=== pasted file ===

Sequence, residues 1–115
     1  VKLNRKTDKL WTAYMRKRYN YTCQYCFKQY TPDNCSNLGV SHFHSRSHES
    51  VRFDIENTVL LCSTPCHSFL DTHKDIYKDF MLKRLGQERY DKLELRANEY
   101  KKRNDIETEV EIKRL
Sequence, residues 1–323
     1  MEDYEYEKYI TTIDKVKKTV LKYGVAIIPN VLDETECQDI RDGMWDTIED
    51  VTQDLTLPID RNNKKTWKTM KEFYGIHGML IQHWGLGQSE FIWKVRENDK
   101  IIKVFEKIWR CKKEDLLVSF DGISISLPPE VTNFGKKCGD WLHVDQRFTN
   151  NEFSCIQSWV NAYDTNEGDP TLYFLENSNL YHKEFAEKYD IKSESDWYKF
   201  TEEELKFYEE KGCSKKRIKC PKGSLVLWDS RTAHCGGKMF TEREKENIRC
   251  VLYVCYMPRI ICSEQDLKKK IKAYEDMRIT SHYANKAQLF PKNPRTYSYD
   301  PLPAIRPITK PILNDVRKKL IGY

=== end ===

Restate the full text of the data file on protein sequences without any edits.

Sequence, residues 1–115
     1  VKLNRKTDKL WTAYMRKRYN YTCQYCFKQY TPDNCSNLGV SHFHSRSHES
    51  VRFDIENTVL LCSTPCHSFL DTHKDIYKDF MLKRLGQERY DKLELRANEY
   101  KKRNDIETEV EIKRL
Sequence, residues 1–323
     1  MEDYEYEKYI TTIDKVKKTV LKYGVAIIPN VLDETECQDI RDGMWDTIED
    51  VTQDLTLPID RNNKKTWKTM KEFYGIHGML IQHWGLGQSE FIWKVRENDK
   101  IIKVFEKIWR CKKEDLLVSF DGISISLPPE VTNFGKKCGD WLHVDQRFTN
   151  NEFSCIQSWV NAYDTNEGDP TLYFLENSNL YHKEFAEKYD IKSESDWYKF
   201  TEEELKFYEE KGCSKKRIKC PKGSLVLWDS RTAHCGGKMF TEREKENIRC
   251  VLYVCYMPRI ICSEQDLKKK IKAYEDMRIT SHYANKAQLF PKNPRTYSYD
   301  PLPAIRPITK PILNDVRKKL IGY